Community Interests

Transparency: GOOD for ALL!

Presently there is considerable disagreement within the Council on the issue of Transparency.
Mr. Kennedy, Mr. Gottschall, and Mr. Smiley were elected to office and their interests were strongly based upon a more open, TRANSPARENT, Council and Administrative organization.

The reasons were simple: residents, taxpayers and businesses need to know and understand exactly how tax-dollars are spent, how the Council is operating on their behalf; in general, there is a distrust of Local, State and Federal governments for a variety of reasons.

There too was the dismissal of the successful administrator, City Manager, Mr. Nowicki. No reason was ever given by the Mayor or Council for his dismissal. Not one valid reason was given for termination; political and personal reason were attributed by those who know. Transparency would have answered this vital question!

Additionally, personnel and public records were destroyed with no investigation and records in the Parks and Recreation Department went missing. Data files under protected passwords on computers were deleted. None of these incidents were ever questioned or investigated by the City Manager or the Council. Transparency would have answered this vital question!

It is under these circumstances that perhaps Mr. Kennedy, Mr. Smiley, and Mr. Gottschall wanted transparency of Council activities. There too is the fact that general Council’s meetings generate little resident’s attention. When property tax assessments arrive or tax increases are discussed by Council, the resident’s attention becomes intense.

Many of the controversies within the Council are self-inflicted. Favoritism in comments toward businesses and who gets what, and when they get it, has been contentious. Unfortunately, that favoritism has pitted one businesses against another to the detriment of the community.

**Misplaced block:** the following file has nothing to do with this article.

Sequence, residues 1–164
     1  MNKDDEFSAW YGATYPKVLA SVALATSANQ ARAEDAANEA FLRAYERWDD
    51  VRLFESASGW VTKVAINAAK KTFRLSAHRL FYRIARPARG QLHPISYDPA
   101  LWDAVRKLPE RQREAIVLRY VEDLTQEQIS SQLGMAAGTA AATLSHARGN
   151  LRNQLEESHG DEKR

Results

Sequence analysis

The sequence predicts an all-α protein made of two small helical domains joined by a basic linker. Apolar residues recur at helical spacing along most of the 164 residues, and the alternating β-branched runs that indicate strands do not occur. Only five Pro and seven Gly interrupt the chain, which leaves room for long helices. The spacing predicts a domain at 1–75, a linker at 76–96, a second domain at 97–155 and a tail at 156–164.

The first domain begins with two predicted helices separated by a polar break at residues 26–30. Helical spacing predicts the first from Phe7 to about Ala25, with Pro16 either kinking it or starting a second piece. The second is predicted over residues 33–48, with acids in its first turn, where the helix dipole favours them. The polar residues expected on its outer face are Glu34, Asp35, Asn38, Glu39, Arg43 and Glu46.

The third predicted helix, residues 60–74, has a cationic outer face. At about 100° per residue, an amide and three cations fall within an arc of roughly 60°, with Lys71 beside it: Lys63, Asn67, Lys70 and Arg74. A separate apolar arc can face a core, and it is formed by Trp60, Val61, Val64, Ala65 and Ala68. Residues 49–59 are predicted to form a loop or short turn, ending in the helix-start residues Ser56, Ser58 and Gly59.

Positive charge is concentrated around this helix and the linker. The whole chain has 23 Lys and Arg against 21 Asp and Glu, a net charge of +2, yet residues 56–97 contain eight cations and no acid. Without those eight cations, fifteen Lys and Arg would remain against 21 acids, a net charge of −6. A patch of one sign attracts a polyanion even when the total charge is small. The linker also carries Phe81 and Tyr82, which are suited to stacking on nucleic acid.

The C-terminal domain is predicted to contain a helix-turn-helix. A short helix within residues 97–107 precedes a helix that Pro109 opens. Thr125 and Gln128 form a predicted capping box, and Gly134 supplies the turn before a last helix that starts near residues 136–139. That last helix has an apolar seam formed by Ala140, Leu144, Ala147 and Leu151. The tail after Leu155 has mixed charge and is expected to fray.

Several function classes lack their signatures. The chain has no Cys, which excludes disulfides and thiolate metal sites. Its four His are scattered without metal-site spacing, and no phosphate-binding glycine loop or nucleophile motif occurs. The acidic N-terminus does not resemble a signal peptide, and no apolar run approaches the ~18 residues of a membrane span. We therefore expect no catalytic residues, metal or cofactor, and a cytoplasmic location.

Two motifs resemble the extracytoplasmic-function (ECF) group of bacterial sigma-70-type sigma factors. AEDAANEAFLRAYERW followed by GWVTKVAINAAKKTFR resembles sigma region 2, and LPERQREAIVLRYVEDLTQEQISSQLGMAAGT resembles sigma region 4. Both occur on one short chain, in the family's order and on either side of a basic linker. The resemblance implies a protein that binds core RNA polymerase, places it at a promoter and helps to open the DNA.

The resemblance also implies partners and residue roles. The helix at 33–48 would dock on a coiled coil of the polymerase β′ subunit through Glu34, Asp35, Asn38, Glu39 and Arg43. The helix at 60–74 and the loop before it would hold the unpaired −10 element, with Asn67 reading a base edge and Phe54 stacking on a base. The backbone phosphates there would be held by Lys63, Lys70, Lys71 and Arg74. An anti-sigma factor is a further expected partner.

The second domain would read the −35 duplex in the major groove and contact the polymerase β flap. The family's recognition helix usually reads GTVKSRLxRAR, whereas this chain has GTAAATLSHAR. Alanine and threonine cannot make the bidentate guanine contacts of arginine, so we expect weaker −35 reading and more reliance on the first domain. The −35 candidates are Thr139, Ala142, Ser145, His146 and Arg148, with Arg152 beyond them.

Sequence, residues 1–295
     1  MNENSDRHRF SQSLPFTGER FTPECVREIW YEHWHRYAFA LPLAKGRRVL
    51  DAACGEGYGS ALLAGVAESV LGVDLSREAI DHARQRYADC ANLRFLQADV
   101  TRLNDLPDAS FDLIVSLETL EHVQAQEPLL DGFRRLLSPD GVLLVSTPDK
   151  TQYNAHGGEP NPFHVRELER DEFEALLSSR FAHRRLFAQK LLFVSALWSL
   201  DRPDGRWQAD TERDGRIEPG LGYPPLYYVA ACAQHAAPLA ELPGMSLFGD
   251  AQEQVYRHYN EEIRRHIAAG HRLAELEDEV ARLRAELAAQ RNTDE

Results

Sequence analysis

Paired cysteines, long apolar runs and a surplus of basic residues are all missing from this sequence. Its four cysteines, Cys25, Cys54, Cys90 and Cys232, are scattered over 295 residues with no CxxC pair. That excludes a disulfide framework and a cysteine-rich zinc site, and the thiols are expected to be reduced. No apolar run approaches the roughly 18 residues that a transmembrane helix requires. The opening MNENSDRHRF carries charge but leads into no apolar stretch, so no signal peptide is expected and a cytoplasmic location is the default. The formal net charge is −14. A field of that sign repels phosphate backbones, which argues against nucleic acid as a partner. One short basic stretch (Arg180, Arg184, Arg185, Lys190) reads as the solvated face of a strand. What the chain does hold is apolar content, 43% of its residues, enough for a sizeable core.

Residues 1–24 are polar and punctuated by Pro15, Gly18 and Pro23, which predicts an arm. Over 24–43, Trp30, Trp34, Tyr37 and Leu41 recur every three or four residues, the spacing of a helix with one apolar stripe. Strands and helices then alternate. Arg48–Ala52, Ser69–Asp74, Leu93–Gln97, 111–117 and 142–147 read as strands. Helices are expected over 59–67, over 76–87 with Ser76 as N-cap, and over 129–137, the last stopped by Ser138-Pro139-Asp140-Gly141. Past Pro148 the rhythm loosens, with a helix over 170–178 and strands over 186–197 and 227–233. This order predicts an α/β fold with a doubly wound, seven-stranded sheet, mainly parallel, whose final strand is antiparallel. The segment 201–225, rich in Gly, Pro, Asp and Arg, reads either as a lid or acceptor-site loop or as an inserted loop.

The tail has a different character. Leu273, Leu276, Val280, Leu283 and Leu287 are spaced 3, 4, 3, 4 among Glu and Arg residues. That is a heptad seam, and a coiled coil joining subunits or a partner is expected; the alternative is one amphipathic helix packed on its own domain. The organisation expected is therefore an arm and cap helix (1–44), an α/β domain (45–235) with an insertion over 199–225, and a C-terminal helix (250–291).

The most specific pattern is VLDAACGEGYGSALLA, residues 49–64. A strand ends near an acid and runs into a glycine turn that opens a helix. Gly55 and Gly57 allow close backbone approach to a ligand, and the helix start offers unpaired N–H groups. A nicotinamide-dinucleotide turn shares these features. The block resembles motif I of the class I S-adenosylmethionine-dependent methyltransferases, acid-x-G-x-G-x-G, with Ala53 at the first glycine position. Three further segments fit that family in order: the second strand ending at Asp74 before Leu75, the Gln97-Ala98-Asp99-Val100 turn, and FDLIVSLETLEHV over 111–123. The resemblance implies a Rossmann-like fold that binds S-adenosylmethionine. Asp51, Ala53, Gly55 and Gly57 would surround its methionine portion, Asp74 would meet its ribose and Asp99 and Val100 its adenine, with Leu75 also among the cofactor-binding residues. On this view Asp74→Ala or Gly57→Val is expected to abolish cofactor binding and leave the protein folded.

For these reasons, there is an argument to be made for video-taping or broadcasting Council meetings. The taxpayers, residents and businesses could witness the meetings, understand the position of their elected officials on issues of concern. Video would also display the prominent as well as the occasional degenerative behavior of Councilmen over a number of issues discussed by Council.

There too is the specific issue of what is to be transparent to the community. Certainly there are laws exempting many items for public view. Most are not valid; however, Police and incidents reports of certain subjects are reasonably restricted under many circumstances. Otherwise, the tax-paying public has a right and an obligation to receive any and all information relative to their government’s operations and business activities.

Presently, all members of Council state they want transparency, but to what degree that transparency is open for public viewing is the vital question? Correspondence received by Council, whether negative or positive is rarely, or almost never, read into or published within the meeting’s minutes.

The reason is simple; negative comments are not good advertisements for the Council or the City. No Council or Administration hangs out their dirty laundry for public viewing! Unfortunately, there are times when certain “selective” Correspondence is used for political posturing.